menu

social

currently in Austin

the show

Young Urban Farmers

air date: October 4, 2014

Red Dirt Ramblings author Dee Nash dishes up the real dirt on gardening in her book The 20/30 Something  Garden Guide.  Written for new soil grubbers, veterans will also whoop about her colorful graphic designs, DIY instructions, and plants from food to fragrance.  On tour, meet the young gardeners at Ten Acre Organics who turned suburban lawn into front yard food and backyard aquaponics. Daphne explains why vegetables fail in new raised beds. Her plant of the week is Swiss chard, a tasty perennial for the kitchen and a pretty addition to ornamental beds. Andrea DeLong-Amaya from the Lady Bird Johnson Wildflower Center compares the best mulches.

Episode Segments

On Tour

Ten Acre Organics

At Ten Acre Organics, young gardeners turned a typical 1970s suburban lawn into front yard food and backyard aquaponics.  Egged on by content chickens, co-founders Michael Hanan and Lloyd Minick feed the future vision of neighborhoods uniting in urban farms.  As a drop-off site for East Side Compost Pedallers, they nurture dead soil with compost for water-resourceful, healthy food to supply a community of restaurants and neighbors.

Watch more "On Tour" videos on YouTube →

Question of the Week

Raised Bed Problems

Why did seedlings die in my new raised bed with good soil and compost?

Gee, we thought we were doing the right thing in our new raised beds with great soil, compost, the right width, the right height. So what happened to all my new seedlings and transplants?

Well, that soil and compost, whether pre-mixed onsite at the soil yard in bags or bulk, or mixed to order according to your instructions, has been sitting in piles and drying out.

You faithfully water each plant, or maybe even the entire bed, but after just a short time, you notice the seedlings are struggling, and they all die pretty quickly.

Everyone’s thoughts immediately jump to the conclusion that it must be some sort of disease: extremely unlikely. Or the possibility of herbicide damage: more likely than disease but still not the most common problem.

No, the issue is lack of water. But “wait!” you say, I just told you that I faithfully water my plants. And I say, I know that, but you’re not watering your soil. And new soil, having been completely and utterly dried out when you purchased it, has no ability to get wet until you thoroughly mix it with water.

The best way to do this is to wet it and turn it and wet it and turn it, until it’s uniformly moist, BEFORE you fill your raised bed with it. But if you didn’t do that, no worries, simply wet it and turn it and wet it and turn it in the bed.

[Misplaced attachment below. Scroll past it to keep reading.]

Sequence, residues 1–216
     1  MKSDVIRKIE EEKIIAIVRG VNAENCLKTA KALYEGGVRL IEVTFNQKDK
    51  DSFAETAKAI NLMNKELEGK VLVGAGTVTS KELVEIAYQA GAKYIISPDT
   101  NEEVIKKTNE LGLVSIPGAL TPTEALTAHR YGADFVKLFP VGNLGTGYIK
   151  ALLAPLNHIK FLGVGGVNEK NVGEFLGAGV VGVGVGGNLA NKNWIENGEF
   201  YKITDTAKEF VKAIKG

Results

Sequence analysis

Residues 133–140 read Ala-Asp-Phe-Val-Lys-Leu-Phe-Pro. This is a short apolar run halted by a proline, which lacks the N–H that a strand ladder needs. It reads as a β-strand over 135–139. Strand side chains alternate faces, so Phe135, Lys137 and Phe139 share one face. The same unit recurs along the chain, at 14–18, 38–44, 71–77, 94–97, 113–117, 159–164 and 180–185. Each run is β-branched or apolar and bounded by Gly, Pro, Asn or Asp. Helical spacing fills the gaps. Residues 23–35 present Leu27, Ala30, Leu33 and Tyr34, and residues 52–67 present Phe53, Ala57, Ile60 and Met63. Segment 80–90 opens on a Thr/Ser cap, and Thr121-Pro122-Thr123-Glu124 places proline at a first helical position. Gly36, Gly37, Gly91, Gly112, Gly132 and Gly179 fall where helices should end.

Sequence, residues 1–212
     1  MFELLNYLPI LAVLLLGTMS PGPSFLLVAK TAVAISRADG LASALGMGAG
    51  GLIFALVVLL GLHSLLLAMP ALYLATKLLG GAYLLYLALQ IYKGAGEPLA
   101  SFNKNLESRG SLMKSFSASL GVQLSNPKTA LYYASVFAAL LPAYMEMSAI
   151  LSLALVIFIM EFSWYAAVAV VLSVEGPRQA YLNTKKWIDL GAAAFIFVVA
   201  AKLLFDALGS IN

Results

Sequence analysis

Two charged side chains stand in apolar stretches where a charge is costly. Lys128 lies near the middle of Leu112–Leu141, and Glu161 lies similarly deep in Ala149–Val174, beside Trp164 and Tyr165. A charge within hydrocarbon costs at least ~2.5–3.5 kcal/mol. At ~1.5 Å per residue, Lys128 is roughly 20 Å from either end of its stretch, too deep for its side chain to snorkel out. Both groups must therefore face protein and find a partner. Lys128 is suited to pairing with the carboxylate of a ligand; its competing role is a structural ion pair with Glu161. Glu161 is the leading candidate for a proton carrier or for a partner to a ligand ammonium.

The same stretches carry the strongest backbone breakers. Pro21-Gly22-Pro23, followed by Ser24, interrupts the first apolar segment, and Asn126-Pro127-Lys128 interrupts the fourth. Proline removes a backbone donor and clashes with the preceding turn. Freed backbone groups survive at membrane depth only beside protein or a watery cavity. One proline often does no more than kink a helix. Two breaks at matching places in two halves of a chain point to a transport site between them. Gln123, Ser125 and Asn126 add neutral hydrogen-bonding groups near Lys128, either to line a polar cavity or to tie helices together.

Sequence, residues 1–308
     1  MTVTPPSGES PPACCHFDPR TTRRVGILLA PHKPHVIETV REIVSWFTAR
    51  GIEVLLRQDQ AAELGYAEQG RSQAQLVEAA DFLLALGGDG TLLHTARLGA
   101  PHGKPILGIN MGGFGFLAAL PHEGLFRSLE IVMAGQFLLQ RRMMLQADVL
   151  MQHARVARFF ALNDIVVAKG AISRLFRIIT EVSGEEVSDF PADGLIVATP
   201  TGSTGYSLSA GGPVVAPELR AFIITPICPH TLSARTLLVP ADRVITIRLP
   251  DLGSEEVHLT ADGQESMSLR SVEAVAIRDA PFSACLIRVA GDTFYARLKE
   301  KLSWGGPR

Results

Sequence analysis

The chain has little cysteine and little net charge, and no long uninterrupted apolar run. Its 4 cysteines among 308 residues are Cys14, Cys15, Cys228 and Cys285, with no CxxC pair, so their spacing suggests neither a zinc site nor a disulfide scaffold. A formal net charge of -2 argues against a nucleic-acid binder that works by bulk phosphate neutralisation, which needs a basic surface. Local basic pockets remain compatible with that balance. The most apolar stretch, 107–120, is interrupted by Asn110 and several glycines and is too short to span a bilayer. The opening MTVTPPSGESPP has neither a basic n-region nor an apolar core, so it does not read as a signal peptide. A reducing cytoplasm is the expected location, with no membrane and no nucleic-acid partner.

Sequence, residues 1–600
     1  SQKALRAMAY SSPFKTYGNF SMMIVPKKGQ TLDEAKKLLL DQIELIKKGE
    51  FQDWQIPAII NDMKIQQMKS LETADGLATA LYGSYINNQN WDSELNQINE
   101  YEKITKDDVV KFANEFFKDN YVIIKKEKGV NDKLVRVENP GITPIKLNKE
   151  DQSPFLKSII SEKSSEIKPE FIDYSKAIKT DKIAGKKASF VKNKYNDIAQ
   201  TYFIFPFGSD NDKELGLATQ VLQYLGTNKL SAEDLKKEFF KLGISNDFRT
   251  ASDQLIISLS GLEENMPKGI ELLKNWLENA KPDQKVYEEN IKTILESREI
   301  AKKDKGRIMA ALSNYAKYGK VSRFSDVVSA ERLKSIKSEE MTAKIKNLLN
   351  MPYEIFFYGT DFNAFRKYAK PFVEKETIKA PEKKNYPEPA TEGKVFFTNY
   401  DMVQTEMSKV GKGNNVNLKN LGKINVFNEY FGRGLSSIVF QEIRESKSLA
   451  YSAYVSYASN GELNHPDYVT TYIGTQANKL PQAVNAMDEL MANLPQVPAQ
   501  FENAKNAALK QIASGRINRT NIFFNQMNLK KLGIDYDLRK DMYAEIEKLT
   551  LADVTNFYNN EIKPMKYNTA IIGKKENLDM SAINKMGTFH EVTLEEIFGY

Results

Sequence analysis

The soil can now hold water and your new seedlings will have a much better chance of survival.

The exception is the possibility that the organic matter in your mix of new soil was contaminated with an herbicide that didn’t break down during the composting process. If that’s the case, your new seedlings will have distinct symptoms, usually leaf-curl and yellowing, prior to dying completely. We’ve had this issue in our demonstration garden and we watched to see how long it took the soil to remediate, without replacing it. It only took one season, and the plants were growing normally again.

Watch more Question of the Week videos on YouTube →

Plant of the Week

Swiss Chard

Swiss Chard

Swiss chard is perfect for winter gardens and very easy to grow from seeds or transplants in fall.  It comes in many different beautiful colors, all of which add striking interest in your garden while many other plants are dormant and leafless. This healthy edible plant is one you’ll want to include if you’re growing winter vegetables, but you should also consider it even if you’re not. It looks great in the landscape right along with your other ornamental plants, even among your spring wildflowers. Swiss chard does best in full sun, though it can take some shade. It only needs moderate water. You can plant it alone, as a single plant, but it also looks great in group plantings of three to five. Mix in some of the bright red cultivars in one spot, and use some of the yellow and red in another. Getting much taller than they do wide, plant Swiss chard only about 6 inches apart. There are many great cultivars for Central Texas, including the heirloom, ‘Fordhook Giant’. In many gardens, Swiss chard is a perennial that will go through summer.

Comments